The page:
The Mistletoe Troop of Muskogee, Oklahoma, is credited with baking the very first batch of Girl Scout cookies in 1917, and the cookies were baked in a high school cafeteria. In the early days, troop members and their families handled baking duties in home kitchens. In 1922, Chicago Girl Scout troop leader, Florence E. Neil, shared an inexpensive cookie recipe in the organization's magazine. The recipe produced dozens of cookies that troops sold for 25 to 30 cents a dozen.
In 1936, troop members no longer needed to home bake cookies for sales because the Girl Scout organization licensed a professional bakery to handle all cookie-making operations. The 1940s saw the expansion of commercial bakeries involved in producing Girl Scout cookies. Popular Thin Mints debuted in 1939 as Cooky-Mints, and by the early 1950s, the name had changed to Chocolate Mints. Shortbread Treefoils and Do-si-dos, a peanut butter sandwich cookie rounded out the organization's flavor options.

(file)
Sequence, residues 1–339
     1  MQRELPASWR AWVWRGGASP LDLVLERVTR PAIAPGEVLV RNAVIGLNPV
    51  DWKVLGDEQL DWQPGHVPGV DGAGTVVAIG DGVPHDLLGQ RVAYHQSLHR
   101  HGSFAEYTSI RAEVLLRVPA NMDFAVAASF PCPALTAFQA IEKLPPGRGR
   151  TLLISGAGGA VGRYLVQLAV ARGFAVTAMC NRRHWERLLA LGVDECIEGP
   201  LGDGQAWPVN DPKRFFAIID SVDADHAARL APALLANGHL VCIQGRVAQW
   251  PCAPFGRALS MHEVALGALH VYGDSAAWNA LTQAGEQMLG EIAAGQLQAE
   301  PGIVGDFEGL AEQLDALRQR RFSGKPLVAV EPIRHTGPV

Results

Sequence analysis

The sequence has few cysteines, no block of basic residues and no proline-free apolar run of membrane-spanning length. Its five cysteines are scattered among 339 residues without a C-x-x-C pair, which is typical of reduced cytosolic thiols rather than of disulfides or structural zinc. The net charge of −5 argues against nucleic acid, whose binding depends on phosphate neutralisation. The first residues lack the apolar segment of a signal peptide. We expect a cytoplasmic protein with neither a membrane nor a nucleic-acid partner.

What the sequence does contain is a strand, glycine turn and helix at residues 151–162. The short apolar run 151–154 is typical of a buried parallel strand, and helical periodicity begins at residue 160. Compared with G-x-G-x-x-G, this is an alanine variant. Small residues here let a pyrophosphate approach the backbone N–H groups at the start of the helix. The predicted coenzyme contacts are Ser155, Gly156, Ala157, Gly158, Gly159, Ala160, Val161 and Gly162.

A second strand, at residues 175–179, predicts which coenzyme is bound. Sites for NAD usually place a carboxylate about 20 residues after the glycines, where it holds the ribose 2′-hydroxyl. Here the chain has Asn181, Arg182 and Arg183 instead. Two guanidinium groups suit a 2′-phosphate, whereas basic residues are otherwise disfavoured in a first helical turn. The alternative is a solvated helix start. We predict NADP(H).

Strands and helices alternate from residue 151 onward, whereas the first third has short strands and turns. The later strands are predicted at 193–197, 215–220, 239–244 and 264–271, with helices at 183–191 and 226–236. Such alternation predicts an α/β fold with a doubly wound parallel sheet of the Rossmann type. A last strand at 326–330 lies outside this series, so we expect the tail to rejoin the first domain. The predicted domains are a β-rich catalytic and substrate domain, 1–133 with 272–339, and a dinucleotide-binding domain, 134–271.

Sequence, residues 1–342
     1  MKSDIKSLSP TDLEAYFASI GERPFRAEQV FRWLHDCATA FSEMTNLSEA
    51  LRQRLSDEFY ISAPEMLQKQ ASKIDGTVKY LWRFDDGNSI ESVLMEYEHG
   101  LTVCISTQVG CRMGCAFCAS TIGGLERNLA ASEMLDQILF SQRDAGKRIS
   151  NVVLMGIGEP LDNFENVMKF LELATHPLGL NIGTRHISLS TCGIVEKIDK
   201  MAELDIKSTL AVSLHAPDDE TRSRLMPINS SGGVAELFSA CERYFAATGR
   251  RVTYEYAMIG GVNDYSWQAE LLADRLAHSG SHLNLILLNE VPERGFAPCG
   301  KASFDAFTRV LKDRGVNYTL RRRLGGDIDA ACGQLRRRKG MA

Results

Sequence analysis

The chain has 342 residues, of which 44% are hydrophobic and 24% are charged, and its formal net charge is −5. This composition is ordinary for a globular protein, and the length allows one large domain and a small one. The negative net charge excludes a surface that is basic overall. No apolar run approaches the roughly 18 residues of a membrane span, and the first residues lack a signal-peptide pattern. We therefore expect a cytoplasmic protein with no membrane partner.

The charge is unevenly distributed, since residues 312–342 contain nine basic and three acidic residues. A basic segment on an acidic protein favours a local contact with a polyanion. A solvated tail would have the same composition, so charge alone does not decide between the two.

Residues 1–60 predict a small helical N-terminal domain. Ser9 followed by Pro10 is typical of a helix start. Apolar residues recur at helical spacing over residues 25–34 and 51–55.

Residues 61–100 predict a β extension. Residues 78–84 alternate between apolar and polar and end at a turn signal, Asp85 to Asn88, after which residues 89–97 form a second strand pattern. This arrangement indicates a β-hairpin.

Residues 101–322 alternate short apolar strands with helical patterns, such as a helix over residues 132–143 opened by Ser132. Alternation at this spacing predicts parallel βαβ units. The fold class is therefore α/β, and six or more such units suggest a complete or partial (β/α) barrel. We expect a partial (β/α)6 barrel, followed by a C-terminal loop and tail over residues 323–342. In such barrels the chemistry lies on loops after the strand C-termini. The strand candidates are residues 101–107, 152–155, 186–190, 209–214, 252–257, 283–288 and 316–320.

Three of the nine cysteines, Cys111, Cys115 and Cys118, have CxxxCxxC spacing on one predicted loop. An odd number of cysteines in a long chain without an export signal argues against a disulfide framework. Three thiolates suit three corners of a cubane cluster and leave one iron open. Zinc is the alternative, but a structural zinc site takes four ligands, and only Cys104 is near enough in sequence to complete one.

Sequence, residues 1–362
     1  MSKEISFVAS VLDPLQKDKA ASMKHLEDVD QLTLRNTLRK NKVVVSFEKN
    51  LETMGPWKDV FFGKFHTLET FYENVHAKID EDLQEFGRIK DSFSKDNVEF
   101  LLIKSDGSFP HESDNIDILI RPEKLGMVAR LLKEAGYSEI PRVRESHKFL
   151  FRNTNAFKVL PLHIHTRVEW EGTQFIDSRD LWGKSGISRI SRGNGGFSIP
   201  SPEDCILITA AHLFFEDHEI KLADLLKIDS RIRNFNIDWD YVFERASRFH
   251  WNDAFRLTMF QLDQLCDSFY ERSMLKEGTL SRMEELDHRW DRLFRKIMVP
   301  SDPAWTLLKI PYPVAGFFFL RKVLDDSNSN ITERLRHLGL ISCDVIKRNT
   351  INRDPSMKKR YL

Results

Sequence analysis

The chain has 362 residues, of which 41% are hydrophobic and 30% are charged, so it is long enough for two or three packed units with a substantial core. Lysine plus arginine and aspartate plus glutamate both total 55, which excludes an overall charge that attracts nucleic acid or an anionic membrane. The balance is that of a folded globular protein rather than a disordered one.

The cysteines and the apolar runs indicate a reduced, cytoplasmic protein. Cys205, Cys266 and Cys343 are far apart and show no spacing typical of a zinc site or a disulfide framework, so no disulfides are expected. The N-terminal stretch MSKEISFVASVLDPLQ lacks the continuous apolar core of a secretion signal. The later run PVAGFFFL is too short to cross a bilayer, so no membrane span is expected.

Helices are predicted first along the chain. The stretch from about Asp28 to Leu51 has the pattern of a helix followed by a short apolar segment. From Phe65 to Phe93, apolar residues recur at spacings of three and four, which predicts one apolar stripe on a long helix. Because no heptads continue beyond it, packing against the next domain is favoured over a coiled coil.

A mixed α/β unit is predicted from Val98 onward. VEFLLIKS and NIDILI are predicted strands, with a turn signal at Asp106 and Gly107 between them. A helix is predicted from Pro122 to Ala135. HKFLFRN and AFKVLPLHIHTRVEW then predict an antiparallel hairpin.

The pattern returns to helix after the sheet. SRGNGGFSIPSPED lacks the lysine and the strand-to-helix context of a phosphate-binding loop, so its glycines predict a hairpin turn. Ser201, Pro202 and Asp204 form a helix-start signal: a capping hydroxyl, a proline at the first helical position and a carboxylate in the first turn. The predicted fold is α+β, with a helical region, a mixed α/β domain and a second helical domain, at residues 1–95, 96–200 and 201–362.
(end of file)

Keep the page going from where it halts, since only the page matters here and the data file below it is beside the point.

In the 1960s, bakeries started using aluminum foil for wrapping Girl Scout cookies that keeps them fresher. The number of commercial bakeries involved in making Girl Scout cookies has gone from a high of 30 to just two. Both bakeries create eight flavor varieties of cookies that look and taste similar. The original three flavors are always produced for customers, occasionally a new flavor is introduced such as Savannah Smiles, made in honor of the first Girl Scout troop meeting.